Ted Jones had an open-door policy with IHRA founder Larry Carrier, and while he tried to not wear out his welcome, on a fall day in 1976 he couldn’t resist bringing his idea to the boss.
Jones was the VP of Competition for the five-year-old sanctioning body, and little did he know that his intuition would one day change the way the Pro Stock division would be contested. The IHRA was always searching for its niche in a drag racing world dominated by the National Hot Rod Association, and to a point the now-defunct American Hot Rod Association.
Jones wanted to do away with the status quo for the Pro Stocks. He was tired of following the NHRA’s lead of factoring cars into competitiveness, and the aggravation that came along with policing it. His idea of throwing the standard formula of pounds to cubic inch out the window had the potential to be taken one of two ways – (A) the greatest thing since sliced bread or (B) downright blasphemous. The bottom line is that Jones had to deal with the never-ending issue and not Carrier.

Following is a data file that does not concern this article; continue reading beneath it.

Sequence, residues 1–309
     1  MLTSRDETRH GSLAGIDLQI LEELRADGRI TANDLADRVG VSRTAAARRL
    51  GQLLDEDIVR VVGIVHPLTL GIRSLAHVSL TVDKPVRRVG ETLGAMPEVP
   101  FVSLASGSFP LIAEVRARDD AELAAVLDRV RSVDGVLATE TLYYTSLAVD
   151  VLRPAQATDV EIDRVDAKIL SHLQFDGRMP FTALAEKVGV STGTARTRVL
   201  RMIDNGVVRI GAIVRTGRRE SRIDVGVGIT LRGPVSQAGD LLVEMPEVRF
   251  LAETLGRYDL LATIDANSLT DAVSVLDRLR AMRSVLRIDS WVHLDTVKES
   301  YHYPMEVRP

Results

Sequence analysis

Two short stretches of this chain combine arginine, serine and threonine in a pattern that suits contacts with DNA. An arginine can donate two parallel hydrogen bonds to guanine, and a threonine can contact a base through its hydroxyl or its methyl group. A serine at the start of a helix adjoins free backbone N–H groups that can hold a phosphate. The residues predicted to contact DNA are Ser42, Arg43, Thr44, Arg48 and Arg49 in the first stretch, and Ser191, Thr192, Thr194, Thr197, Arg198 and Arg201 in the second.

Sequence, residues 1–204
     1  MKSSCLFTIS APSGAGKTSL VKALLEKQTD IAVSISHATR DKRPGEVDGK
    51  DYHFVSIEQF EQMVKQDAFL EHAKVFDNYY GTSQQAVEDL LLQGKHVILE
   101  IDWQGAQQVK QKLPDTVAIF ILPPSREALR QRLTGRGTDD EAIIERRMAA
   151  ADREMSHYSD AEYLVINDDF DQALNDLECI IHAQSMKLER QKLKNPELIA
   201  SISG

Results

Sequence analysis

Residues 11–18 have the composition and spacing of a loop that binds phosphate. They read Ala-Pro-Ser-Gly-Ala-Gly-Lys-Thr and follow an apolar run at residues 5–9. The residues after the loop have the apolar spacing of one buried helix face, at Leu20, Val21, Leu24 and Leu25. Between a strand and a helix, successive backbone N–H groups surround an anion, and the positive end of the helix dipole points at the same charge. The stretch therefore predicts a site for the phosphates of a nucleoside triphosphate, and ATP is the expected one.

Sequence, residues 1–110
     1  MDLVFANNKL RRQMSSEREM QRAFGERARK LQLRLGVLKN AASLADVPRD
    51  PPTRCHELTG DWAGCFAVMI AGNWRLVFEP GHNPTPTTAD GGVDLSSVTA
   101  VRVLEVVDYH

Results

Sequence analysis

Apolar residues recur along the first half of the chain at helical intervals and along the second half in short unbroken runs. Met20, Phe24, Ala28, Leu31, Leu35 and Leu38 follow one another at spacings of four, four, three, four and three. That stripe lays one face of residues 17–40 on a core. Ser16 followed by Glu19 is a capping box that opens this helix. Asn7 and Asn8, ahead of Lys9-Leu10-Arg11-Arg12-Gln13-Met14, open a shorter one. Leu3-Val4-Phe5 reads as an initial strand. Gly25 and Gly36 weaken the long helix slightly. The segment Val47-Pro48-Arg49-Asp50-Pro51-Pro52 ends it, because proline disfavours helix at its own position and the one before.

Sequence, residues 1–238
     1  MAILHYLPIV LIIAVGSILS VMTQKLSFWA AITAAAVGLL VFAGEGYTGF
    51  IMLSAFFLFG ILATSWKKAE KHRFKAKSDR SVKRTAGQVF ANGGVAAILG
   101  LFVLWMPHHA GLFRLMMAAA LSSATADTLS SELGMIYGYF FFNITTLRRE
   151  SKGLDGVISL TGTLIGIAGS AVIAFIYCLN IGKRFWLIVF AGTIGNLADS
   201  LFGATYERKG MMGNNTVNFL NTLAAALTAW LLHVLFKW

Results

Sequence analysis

“It was a nightmare without end because you always had to adjust the rules,” Jones, who now owns a television production company, said. “You had several weight breaks and they were for every combination under the sun. You had them for staggered valves, cylinder heads, wheelbase, and so on and so forth.
“Most every Pro Stocker had to run a small block because if you didn’t, you’d have to run so much weight that it was unreasonable and the parts breakage for running such a heavy combination was unreal. It was a real headache.”